US 3155085 A
Description (OCR text may contain errors)
Nov. 3, 1964 c. JONES ETAL 3,155,085
INTERNAL COMBUSTION ENGINE WITH RK P UG SUBJECT TO HIGH TEMPERATURE OPERATI CO TIONS Filed April 29, 1963 Sheets-Sheet 1 INVENTORS CHAR '5 JUNEE F E E REIElE EMUUNT 1 BY 2 p THEIR ATTORNEY NOV. 3, 1964 I((:)NJONES ETAL 3,155,085
INTERNAL COMBUST ENGIN I SPA PLUG SUBJECT HIGH TEMPERATURE TO R NG DITIONS Filed April 29, 1963 3 Sheets-Sheet 2 INVENTORS CHARLES: LIIJNEEI REIBERT E. MEIUNT THEIR ATTORNEY C. JONES ETAL Nov. 3, 1964 ITH SPARK PLUG SUB RATI NG CONDITIONS 3 Sheets-Sheet 3 F FN R P I l I I I I I I I l II n IFF Illllll lllll i n h Y Am I T m N n. 5 At E A n L P T M 5(ANELILAR DEEREEEI REITATIDN) SEALING FDREE (F'DUNDS) INVENTORS CHARLES JUNE BY HUBER r E. MEILIN El T THEIR ATTORNEY United States Patent 3,155,085 INTERNAL (IQMBUSTKON ENGENE WITH SlARK PLUG SUBJECT Tl) lfiGH TEMPERATURE (EP- ERATING CQNDHTEGNS Charles .lones, Paramus, and Robert E. Mount, Pine Brook, N..l., assignors to Curtiss-Wright Corporation, a corporation of Delaware Filed Apr. 29, 1963, Ser. No. 276,589 6 Claims. (Cl. l23169) This invention relates to internal combustion engines of the electrical ignition type having spark plugs that are subjected in certain cases to unusually high operating temperatures.
A troublesome problem of spark plug cooling and sealing may be present where the firing end of the plug, including the plug shell or casing, electrodes, and ceramic insulation, is for practical purposes continuously exposed to hi h operating temperatures of the combustion chamber. In certain types of internal combustion engines, as for example the rotary-piston type wherein the firing end of the spark plug is recessed within its guide bore or pilot, the plug does not receive the full benefit of periodic cooling as in the case of the reciprocating-piston type, during that part of the cycle where a fresh, comparatively cool, gas-air mixture charge is brought into the combustion chamber. In such instances, the spark plug and its mounting have been subjected to severe stresses and/or deterioration due to buildup of very high temperatures in the region of the plug firing tip and the adjacent pilot wall. Further, where the combustion chamber wall is composed of a lightweight alloy, such as an aluminum alloy used in modern engine design, high operating temperatures tend to create another problem by relaxing the normally tight seal required between the plug and its pilot seat. That is, the resulting unequal expansions of the metal jacket or cylinder (usually steel) of the spark plug, and the alloy constituting the combustion chamber wall produce a so-called relative thermal growth between the plug cylinder and chamber wall, especially along the longitudinal axis of the pilot so as to loosen the seal. Further, in some instances high local mechanical stresses initially caused by the plug sealing force (due to reduced strength of the alloy with temperature rise) tend to distort the pilot seat structure and adjacent chamber wall to cause bulging in the direction of the combustion chamber.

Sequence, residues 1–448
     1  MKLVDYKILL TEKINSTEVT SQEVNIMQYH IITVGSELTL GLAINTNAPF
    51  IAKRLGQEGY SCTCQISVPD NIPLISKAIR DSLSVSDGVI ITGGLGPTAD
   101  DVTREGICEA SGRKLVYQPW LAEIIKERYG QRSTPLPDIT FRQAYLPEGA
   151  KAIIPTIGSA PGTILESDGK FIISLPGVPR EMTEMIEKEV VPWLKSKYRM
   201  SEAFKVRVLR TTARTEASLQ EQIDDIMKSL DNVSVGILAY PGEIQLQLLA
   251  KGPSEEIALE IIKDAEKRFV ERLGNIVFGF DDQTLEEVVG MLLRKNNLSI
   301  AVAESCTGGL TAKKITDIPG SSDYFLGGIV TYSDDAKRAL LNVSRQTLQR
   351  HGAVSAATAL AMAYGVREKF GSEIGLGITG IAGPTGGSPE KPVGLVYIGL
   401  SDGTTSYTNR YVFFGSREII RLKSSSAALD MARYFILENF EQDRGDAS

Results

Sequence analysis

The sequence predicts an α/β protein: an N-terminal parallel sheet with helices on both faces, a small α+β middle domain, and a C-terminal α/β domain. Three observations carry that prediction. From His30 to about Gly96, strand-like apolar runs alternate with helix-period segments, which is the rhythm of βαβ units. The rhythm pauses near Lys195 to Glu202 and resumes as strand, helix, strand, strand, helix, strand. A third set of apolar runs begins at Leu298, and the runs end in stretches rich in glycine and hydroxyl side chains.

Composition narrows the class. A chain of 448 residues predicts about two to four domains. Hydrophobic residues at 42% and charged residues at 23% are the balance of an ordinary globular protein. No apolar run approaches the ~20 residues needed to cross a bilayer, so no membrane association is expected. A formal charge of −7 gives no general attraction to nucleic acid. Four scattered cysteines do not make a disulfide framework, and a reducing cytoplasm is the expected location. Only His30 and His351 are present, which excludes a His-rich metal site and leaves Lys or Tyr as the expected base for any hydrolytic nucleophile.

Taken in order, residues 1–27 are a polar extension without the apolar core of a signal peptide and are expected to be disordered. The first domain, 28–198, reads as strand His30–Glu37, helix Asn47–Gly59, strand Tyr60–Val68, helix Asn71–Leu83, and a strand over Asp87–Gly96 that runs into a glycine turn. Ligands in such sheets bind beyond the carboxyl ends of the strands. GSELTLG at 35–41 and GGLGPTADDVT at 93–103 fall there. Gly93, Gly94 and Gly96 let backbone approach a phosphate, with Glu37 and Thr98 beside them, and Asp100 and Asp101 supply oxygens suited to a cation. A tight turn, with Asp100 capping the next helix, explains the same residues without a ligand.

Where the plug is seated by force transmitted through conventional screw threads in the pilot wall and plug jacket, a further problem of double-piloting may be present due to slight misalinement of the inclined screwthread surfaces and the pilot seat. This can result in overstressing and consequently imperfect sealing.
A principal object of the present invention therefore is to provide in an internal combustion engine of the abovedescribed type an improved spark plug and mounting arrangement wherein the rate of heat transfer from the plug, particularly at its firing end, is materially increased so as to minimize plug and pilot seat deterioration, unusual mechanical stresses between the plug and chamber wall tending to distort the wall are minimized, ignition and gas-scavenging action are improved, and wherein doublepiloting is eliminated and the plug maintained at all times in good sealing relation to the combustion chamber.